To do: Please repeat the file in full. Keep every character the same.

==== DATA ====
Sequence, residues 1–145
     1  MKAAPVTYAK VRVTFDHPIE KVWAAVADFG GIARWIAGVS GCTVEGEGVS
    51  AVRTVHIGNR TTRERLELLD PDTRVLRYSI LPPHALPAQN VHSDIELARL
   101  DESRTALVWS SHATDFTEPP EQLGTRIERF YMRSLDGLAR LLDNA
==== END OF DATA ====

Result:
Sequence, residues 1–145
     1  MKAAPVTYAK VRVTFDHPIE KVWAAVADFG GIARWIAGVS GCTVEGEGVS
    51  AVRTVHIGNR TTRERLELLD PDTRVLRYSI LPPHALPAQN VHSDIELARL
   101  DESRTALVWS SHATDFTEPP EQLGTRIERF YMRSLDGLAR LLDNA